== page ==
and local income tax as well,” advises Haywood. “Otherwise, the interest from a national municipal bond fund may be subject to state and local income tax.” Bolton says that there are also national and single-state tax-exempt money market funds that can provide tax-free interest on cash you’re parking for the short- term.
The same principle holds if you buy individual municipal bonds–local bonds may have double or triple tax-exempt status, while out-of-state bonds are subject to state and local income tax. “If you have $25,000 or more to invest and a knowledgeable broker to work with, you might want to look into buying munis directly,” says McEvilley. “You avoid paying mutual fund fees, and you’ll know that you’ll get your money back at maturity.”
Be meticulous about paying the tax you owe. “You should receive a 1099 form each year from every bank where you have an account, every mutual fund you own and so on,” says Bailey. “If you don’t get them all, ask for the missing ones. You don’t want to underreport your investment income and cause the IRS to pay extra attention to your tax return.”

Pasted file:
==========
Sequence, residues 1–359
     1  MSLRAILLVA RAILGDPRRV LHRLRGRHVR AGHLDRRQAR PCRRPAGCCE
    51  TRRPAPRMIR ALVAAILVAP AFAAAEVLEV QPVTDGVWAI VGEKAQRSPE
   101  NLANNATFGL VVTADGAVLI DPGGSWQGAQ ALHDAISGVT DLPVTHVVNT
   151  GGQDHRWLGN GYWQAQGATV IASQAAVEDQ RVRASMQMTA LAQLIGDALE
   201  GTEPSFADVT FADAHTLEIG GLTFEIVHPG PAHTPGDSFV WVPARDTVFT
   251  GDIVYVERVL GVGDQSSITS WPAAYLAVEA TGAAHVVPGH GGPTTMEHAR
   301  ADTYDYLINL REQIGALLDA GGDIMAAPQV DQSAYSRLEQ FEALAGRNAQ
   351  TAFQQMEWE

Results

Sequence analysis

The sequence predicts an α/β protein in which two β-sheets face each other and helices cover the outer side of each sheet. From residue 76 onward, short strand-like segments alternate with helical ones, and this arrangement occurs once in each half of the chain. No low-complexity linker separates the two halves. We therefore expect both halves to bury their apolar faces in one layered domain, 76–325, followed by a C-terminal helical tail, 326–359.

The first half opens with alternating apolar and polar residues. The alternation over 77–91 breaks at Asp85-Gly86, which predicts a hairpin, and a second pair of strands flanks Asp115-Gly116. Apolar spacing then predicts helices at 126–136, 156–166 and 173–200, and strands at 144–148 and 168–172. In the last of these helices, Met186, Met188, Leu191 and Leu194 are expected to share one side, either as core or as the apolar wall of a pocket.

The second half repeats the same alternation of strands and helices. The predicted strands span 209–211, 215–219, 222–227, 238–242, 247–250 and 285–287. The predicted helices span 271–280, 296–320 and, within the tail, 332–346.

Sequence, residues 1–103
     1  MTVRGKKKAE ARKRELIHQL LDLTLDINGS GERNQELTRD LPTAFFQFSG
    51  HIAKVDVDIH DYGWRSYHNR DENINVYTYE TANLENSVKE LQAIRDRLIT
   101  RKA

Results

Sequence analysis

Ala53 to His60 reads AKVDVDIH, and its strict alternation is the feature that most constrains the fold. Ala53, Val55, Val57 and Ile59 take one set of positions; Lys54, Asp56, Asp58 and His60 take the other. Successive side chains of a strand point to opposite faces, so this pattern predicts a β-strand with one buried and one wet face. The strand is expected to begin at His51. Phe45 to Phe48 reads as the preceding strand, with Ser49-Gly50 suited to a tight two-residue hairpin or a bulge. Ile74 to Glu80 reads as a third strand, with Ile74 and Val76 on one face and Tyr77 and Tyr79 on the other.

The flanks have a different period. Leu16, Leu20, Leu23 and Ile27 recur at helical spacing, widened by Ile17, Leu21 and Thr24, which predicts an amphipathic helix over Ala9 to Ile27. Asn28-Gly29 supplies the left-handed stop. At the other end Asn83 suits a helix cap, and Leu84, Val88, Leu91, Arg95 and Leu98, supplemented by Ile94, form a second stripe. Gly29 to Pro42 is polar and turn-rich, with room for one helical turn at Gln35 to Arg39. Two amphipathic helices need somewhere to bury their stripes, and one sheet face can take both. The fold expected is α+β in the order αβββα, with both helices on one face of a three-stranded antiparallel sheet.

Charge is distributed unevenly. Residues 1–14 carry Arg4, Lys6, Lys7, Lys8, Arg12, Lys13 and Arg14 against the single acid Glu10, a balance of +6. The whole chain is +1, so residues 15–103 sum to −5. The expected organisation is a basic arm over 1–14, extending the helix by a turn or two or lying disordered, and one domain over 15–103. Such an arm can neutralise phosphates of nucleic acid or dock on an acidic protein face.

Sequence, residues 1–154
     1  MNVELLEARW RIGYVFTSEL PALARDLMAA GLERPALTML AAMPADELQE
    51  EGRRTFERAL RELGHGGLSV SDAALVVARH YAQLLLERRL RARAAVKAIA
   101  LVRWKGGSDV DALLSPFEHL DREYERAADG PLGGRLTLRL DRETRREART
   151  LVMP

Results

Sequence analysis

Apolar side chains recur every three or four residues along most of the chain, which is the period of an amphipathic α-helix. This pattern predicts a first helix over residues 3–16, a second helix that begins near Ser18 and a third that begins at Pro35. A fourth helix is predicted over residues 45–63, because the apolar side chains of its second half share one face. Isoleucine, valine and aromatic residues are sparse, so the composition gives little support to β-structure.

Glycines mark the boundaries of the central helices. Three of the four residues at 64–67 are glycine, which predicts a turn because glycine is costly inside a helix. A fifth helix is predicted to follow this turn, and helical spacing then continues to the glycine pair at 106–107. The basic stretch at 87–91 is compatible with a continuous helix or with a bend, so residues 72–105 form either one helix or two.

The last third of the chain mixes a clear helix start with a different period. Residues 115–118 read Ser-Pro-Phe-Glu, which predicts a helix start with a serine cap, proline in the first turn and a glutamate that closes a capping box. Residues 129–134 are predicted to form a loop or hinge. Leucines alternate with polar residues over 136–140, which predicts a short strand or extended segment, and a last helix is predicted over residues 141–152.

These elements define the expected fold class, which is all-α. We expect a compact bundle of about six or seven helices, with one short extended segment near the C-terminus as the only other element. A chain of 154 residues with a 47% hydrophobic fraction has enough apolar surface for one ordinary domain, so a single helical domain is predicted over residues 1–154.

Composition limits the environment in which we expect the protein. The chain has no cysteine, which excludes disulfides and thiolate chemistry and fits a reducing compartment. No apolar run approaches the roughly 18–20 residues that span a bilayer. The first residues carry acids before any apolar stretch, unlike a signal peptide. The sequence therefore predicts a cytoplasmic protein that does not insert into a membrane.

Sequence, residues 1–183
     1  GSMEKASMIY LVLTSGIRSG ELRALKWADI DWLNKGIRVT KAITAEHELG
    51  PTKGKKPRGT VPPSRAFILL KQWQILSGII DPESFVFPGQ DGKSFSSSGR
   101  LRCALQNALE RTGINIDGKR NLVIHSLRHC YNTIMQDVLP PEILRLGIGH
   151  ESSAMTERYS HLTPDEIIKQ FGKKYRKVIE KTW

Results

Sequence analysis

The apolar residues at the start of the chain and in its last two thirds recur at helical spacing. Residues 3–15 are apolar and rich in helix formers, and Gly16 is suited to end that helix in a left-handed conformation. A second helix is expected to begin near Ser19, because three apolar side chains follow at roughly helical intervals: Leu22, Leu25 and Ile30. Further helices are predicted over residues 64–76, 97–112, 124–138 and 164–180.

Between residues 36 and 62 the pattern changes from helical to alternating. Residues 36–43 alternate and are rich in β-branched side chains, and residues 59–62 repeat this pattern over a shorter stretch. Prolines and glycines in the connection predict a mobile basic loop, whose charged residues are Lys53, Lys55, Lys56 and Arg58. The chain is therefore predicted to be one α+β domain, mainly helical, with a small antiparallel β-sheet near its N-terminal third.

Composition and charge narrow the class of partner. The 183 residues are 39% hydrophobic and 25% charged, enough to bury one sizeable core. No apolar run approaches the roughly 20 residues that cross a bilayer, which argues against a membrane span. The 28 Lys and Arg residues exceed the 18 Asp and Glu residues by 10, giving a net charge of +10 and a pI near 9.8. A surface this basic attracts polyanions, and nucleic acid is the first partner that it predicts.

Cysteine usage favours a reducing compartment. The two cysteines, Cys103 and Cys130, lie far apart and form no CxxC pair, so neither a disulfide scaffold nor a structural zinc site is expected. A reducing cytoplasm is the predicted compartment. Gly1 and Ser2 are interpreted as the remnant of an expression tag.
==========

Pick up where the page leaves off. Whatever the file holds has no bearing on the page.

Tax relief or complication?
Depending on your circumstances and income, this year’s new tax bill could either be a welcomed relief or leave you in a conundrum.
Figuring the tax on capital gains has never been easy. You have to determine which gains are short-term, where assets are held one year or less and taxable at your regular rate, and which are long-term and eligible for favorable tax treatment. The new tax law makes this calculation even more complicated.
“Depending on the holding period and the date of sale, some long-term gains in 1997 will be taxed up to 20%, while others will he taxed up to 28%,” says Larry D. Bailey, a partner at Coopers & Lybrand in Washington, D.C.
These technicalities also apply to capital gains distributions from mutual funds. “The funds will have figure out a way to report which gains fall into which category,” adds Bailey. “Otherwise, investors will not be able to accurately prepare their tax returns.”
For clarification, speak to an accountant specializing in taxes or a tax attorney. You can also check the IRS Web site at www.irs.gov./hot/taxlaw.html.